“So we’ve all kinda of have to learn how to post better on Facebook so we can reach out to people and uplift them with the messages that we’re sharing,” Cook said.

Cook said it’s their first time for a social media push for their mission work.

The two women are taking part in an 18-month missionary program through the Church of Jesus Christ of Latter Day Saints.

Online Work

Texas delays work-search requirements for unemployment benefits – The Texas Tribune

The Texas Workforce Commission decided Tuesday to postpone reinstating a work-search requirement for out-of-work Texans receiving unemployment benefits.

The requirement that Texans be actively searching for a job in order to receive benefits was initially slated to go into effect Monday. But agency officials cited rising numbers of coronavirus cases and hospitalizations across Texas — as well as Gov. Greg Abbott’s June 26 executive order scaling back the reopening of Texas businesses — in the commission’s decision to postpone the reinstatement.

“Due to the resurgence of COVID-19 cases in Texas, TWC has decided to pause the return of work search requirements at this time,” Ed Serna, the TWC’s executive director, wrote in a press release. “We will continue to monitor the situation and make further recommendations in late July.”

The mandate would have required out-of-work Texans requesting unemployment benefits to prove they engaged in at least three work-search activities. Self-employed workers would have had to prove they took at least three steps to reopen their businesses.

“From the outset, TWC has stated that bringing back work search would be conditions-based,” the press release said.

Texas’ May unemployment rate was 13%, and more than 2.6 million Texans have filed for unemployment since the pandemic began — flooding the TWC with claims as businesses closed and coronavirus cases skyrocketed.

TWC officials originally defended the July 6 reinstatement of the work-search requirement, noting that job searches can be performed remotely in order to avoid exposure to the coronavirus.

“Work search activities can be completed at home without potential exposure to COVID-19,” TWC spokesperson Cisco Gamez wrote in a June 16 email to the Texas Tribune.

Abhi Rahman, a spokesperson for the Texas Democratic Party, applauded the TWC’s decision to postpone reinstating its work-search requirement, which he said should have never been an issue.

“Doing the right thing shouldn’t be this hard,” Rahman wrote in an email. “The fact that workforce requirements was even a question shows exactly what [Gov. Greg] Abbott and the Texas Workforce Commission’s think about our current crisis. There are still thousands of Texans waiting for their workforce claims to be processed.”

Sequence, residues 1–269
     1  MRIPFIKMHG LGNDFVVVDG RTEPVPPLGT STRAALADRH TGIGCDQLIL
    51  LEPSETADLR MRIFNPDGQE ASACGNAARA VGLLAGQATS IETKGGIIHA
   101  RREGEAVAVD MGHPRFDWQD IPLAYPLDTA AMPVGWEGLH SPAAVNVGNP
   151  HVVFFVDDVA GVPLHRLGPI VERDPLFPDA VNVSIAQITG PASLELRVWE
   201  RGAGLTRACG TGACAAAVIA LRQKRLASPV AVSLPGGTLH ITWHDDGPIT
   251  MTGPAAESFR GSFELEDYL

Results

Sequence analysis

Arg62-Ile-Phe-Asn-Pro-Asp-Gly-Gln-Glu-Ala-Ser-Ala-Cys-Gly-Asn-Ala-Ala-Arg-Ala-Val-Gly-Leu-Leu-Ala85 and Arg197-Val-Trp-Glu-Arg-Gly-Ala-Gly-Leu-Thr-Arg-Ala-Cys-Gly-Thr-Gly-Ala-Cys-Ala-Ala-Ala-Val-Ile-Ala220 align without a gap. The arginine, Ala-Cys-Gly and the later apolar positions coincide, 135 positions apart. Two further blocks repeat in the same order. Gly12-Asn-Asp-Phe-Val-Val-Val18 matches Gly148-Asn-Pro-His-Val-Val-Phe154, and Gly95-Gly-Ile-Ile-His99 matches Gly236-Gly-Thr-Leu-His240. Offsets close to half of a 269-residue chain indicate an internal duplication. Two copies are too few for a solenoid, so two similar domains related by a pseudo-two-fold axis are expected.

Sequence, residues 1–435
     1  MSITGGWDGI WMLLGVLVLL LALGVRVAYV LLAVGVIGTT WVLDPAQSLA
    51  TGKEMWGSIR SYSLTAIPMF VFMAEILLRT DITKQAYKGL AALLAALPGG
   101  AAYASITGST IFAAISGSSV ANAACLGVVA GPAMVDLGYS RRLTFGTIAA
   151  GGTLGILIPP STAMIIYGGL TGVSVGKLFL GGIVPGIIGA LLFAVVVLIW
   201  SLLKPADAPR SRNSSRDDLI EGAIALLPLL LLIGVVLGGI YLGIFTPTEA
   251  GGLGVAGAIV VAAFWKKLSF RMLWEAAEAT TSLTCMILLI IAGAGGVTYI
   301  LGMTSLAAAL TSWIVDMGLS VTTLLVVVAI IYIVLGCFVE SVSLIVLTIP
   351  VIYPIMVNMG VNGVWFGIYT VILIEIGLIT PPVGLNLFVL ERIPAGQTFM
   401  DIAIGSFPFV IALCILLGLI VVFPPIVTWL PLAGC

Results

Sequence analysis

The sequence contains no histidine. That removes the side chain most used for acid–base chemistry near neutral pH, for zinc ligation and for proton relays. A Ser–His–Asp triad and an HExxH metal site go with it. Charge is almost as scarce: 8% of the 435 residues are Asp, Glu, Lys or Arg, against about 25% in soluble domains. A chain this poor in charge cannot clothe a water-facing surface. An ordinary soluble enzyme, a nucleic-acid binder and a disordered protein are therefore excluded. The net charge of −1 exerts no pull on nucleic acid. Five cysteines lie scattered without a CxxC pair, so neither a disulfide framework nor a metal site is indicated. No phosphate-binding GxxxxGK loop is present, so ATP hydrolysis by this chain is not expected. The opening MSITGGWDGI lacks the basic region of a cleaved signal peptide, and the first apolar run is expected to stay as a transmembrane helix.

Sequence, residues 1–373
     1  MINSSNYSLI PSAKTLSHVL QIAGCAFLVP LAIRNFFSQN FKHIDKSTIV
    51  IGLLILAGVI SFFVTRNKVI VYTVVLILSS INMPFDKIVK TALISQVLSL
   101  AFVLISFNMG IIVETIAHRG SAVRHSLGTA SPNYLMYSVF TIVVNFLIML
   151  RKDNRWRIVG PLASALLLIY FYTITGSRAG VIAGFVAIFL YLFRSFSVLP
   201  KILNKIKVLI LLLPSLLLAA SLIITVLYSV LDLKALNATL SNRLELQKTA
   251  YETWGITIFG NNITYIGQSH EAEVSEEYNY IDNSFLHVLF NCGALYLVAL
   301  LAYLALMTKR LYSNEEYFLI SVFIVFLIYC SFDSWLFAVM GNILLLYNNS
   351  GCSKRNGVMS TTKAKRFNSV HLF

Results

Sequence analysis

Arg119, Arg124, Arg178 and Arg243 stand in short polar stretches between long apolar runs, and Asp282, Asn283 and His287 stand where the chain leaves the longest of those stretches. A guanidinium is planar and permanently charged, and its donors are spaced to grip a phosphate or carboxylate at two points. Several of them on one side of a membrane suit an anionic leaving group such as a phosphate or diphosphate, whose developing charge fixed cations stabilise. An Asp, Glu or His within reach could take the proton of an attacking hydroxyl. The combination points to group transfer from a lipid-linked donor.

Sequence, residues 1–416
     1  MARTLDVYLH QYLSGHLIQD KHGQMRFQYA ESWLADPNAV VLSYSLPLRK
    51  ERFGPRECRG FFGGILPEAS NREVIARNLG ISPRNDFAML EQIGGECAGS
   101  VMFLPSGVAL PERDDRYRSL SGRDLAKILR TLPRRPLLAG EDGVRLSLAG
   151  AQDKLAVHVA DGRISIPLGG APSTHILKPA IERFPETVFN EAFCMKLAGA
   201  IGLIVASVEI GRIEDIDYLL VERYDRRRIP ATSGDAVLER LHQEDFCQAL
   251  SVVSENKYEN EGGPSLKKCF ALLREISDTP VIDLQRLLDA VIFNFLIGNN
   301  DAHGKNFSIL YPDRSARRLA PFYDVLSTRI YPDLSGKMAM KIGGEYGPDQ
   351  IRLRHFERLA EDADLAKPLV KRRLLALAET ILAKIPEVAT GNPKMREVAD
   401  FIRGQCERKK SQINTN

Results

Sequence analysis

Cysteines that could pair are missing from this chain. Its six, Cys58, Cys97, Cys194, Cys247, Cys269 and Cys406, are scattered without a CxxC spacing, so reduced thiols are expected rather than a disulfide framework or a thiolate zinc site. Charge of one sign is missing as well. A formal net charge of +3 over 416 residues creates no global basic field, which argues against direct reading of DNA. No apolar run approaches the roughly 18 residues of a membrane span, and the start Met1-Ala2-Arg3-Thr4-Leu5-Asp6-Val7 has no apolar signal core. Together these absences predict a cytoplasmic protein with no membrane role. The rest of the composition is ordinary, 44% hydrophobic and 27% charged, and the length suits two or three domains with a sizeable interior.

The Texas AFL-CIO also praised the TWC’s decision but said it believes more is needed from the agency to protect workers, including making it easier for out-of-work Texans to reach the agency by phone or online if they have concerns about unemployment or other matters.

“TWC employees have risen to the occasion mightily,” the labor group wrote in a press release. “They are doing their utmost to serve the state, but they are digging out from an avalanche with a teaspoon. Until TWC ramps up public access to acceptable levels, the agency needs to dispense with administrative requirements that are not essential to the task of verifying eligibility and making payments. The agency should go further and suspend the bi-weekly ‘request for payment’ required of workers who have already been deemed eligible for benefits.”

The TWC defended its biweekly payment requirement.

“TWC would be out of compliance with federal law if claimants did not request payments every two weeks,” Gamez wrote in an email. “The process of requesting payments every two weeks is also used to help prevent fraud and overpayment. Texas would also lose administrative grants provided by the social security act if biweekly payment requests were not required.”

Related News

cajun cooking

We’re Open: Tim’s Kitchen – KATC Lafayette News

Timothy Sharlow says he’s blessed.

The owner of Tim’s Kitchen, who some might remember as the former Chef and co-owner of Ruby’s restaurant, says he’s been blessed during the pandemic despite the challenges.

Many restaurants have had to close – some permanently – but he’s been able to stay open and keep his employees. He said initially he only had curbside and take-out, but since has opened up his restaurant for Phases I and II. Even today, though, most of his business is take-out.